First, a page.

HPLC analysis was carried on the fungal extracts as described by Eze et al. (14). A Dionex P580 HPLC system coupled to a photodiode array detector (UVD340S, Dionex Softron GmbH, Germering, Germany) was used in the analysis. The separation column (125 x 4 mm; length x internal diameter) was prefilled with Eurospher-10 C18 (Knauer, Germany) and a linear gradient of nanopore water (adjusted to pH 2 by addition of formic acid) and methanol was used as eluent. A weight of 2 mg of each fungal extract was reconstituted with 2 mL of HPLC grade methanol, and the mixture sonicated for 10 min, and thereafter centrifuged at 3000 rpm for 5 min. A volume of 100 μL of the dissolved sample was then transferred to a vial containing 500 μL of HPLC grade methanol, and the vial was put in the HPLC machine for analysis. The detection was at 235 nm. The absorption peaks of the fungal extracts were analyzed by comparing it with those in the HPLC-UV/Vis database.

Data processing and analysis

Data were expressed as mean ± standard deviation (SD) for three parallel experiments. The collection of information, analysis of data and graph was made using Microsoft Excels 2016 software. Descriptives statistics were performed using SPSS version 20.

Results

A total of three (3) endophytic fungi were isolated from leaf segments of the C. nitida plant and labeled Cn 1-3. In Fig. 1, the three isolates exhibited different characteristic colonies and microscopic morphology on MEA. All isolates were identified based on their morphological and microscopical characters as belonging to different gene rna,amely Cn1 (Aspergillus sp.) Cn2 (Aspergillus sp.) and Cn3 (Trichophyton sp.) (Table 1).

Figure 1
Figure 1

Macroscopic morphologies of the pure endophytic isolates.

(Cn1 - Acremonium sp., Cn2 - Aspergillus sp., Cn3 - Trichophyton sp.)

Citation: The EuroBiotech Journal 4, 3; 10.2478/ebtj-2020-0019

Table 1

Cultural morphology and microscopic features of the endophytic fungi isolates from C. nitida

IsolatesFormElevationMarginColourReverseGrowth RateTextureHyphaeSporesDiameter (mm)Suspected Organism
Cn1CircularFlatCurledOrangeLight orangeSlow/moderateSlimy and moistSeptedMicro conidia75Acremonium (15)
Cn2CircularRaisedlobateWhiteColourless with stripesModerateThick cottony and DrySeptedMicro conidia88Aspergillus II (16)
Cn3CircularNmbonate/FlatEntirewhiteAbsent or pale brown-ish-yellow with ageModerateCottony SmoothSeptedMicro conidia60Trichophyton (17)

Identification of principal secondary metabolites using HPLC

A list of the detected compounds contained in the individual fungal extracts and their previously reported biological activities is shown in Table 2. From the result obtained, four (4) known compounds were identified namely Protocatechuic acid, Indole-3-acetic acid, P-hydroxybenzoic acid, and 4-hydroxyphenyl acetate acid.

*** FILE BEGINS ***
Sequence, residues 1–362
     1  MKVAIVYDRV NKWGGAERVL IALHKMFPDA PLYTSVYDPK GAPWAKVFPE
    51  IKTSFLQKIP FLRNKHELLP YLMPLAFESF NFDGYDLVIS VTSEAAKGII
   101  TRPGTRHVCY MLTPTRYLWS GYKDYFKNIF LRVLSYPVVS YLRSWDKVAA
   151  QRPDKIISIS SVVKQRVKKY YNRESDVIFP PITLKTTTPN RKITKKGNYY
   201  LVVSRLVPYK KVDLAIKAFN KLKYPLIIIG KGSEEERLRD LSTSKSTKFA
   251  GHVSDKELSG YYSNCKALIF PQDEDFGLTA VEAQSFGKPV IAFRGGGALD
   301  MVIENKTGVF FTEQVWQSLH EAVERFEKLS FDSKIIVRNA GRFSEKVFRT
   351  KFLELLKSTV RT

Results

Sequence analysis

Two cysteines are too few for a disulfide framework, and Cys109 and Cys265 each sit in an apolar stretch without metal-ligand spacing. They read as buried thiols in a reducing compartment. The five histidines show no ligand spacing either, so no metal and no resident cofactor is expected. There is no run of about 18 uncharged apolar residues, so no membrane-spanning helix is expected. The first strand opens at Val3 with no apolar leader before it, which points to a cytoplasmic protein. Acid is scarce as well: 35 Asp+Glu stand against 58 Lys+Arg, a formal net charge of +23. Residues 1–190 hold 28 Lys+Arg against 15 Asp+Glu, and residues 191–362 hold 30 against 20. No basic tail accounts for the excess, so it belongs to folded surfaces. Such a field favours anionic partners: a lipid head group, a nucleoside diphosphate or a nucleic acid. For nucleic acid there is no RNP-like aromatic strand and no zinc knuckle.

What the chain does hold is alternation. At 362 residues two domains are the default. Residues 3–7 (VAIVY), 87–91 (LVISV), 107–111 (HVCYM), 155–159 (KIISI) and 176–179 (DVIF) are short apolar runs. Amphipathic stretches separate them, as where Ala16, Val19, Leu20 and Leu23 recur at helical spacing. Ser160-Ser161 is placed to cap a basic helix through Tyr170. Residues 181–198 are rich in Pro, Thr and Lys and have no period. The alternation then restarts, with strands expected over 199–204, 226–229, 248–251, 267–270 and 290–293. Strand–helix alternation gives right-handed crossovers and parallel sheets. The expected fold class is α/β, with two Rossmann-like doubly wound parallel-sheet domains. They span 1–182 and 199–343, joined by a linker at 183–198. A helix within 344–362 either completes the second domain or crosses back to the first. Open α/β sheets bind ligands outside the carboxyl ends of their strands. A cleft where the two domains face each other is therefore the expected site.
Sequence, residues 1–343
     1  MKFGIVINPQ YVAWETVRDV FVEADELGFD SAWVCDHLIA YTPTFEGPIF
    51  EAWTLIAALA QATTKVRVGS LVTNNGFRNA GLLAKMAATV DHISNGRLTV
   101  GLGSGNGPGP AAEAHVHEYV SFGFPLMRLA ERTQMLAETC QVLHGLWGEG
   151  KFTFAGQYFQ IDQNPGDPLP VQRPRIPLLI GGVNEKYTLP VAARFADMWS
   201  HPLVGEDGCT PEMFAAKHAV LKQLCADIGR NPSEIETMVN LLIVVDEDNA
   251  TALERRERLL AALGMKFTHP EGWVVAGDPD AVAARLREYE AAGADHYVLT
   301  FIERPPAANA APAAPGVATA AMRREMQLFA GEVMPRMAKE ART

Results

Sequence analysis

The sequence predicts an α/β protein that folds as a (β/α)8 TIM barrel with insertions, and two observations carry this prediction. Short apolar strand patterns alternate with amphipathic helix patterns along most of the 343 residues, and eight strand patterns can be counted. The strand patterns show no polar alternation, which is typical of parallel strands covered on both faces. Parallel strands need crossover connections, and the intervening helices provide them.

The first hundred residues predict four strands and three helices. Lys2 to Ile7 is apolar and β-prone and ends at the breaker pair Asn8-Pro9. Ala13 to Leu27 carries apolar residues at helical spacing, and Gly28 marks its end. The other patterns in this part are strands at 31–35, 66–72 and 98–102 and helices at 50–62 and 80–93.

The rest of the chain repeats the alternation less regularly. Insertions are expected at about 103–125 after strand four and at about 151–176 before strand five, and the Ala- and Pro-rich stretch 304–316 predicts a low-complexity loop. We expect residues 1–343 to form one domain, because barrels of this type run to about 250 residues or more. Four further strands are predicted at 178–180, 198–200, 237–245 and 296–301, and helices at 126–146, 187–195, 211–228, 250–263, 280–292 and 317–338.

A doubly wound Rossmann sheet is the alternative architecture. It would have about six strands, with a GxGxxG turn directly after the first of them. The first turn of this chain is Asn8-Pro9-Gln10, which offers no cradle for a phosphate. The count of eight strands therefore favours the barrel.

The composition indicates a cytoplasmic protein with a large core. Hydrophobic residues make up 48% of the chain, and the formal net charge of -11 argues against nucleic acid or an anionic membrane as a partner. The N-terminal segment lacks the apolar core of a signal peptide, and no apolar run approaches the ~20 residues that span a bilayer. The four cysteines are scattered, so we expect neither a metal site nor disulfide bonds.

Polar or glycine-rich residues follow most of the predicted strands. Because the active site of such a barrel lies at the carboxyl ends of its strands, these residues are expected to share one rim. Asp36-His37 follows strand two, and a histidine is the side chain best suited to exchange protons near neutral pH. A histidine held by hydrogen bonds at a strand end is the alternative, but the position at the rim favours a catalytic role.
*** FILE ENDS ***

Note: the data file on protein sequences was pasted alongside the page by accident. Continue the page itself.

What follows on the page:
Table2

The antimicrobial activities of compounds detected in the fungal extracts

Fungi ExtractIdentified CompoundReported Biological Activities
Cn14-hydroxyphenyl acetic acidAntimicrobial (18, 19)
Indole-3-acetic acidAntimicrobial (20, 21)
Cn2P-hydroxybenzoic acidAntimicrobial (22, 23)
Cn3Protocatechuic acidAntimicrobial (23, 24, 25, 26)
P-hydroxybenzoic acidAntimicrobial (22, 23)

The chromatogram and structures of Cn3 fungal extracts are presented Fig. 2a and b. It reveals the peaks and structures for protocatechuic acid and P-hydroxybenzoic acid.

Figure 2
Figure 2

a: HPLC chromatogram of Cn3 extract showing protocatechuic acid; its UV spectrum and structure.

b: HPLC chromatogram of Cn3 extract showing p-hydroxybenzoic acid; its U V spectrum and structure.

Citation: The EuroBiotech Journal 4, 3; 10.2478/ebtj-2020-0019

Antipseudomonal assay

At 1 mg/ml, extracts the three fungi displayed varying antipseudomonal activity against the different P. aeruginosa clinical isolates, with inhibition zone diameter ranging from 6 - 3 mm (Fig. 3). Laboratory ate (Ps.a A) and urine isolates (Ps.a C) were susceptible to 100% of the fungi extracts understudy, at 1 mg/ml concentration. The extract of Cn1 exhibited the best antipseudomonal activity against 80% of the tested P. aeruginosa isolates. It was observed to be resisted by only P. aeruginosa isolated from a vaginal swab. The mean values of the zones of inhibition obtain are statistically highly significant as P < 0.001.

Figure 3
Figure 3

Antipseudomonal zones of inhibition of the fungal extracts against various clinical isolates (IZD in mm). Values represent the mean of experiments in triplicates.

Ps.a A = Laboratory isolate, Ps.a B=Orthopedic wound infection, Ps.a C= Urine, Ps.a D=Sputum isolate, Ps.a E = Vaginal swab Isolate.

Citation: The EuroBiotech Journal 4, 3; 10.2478/ebtj-2020-0019

Discussion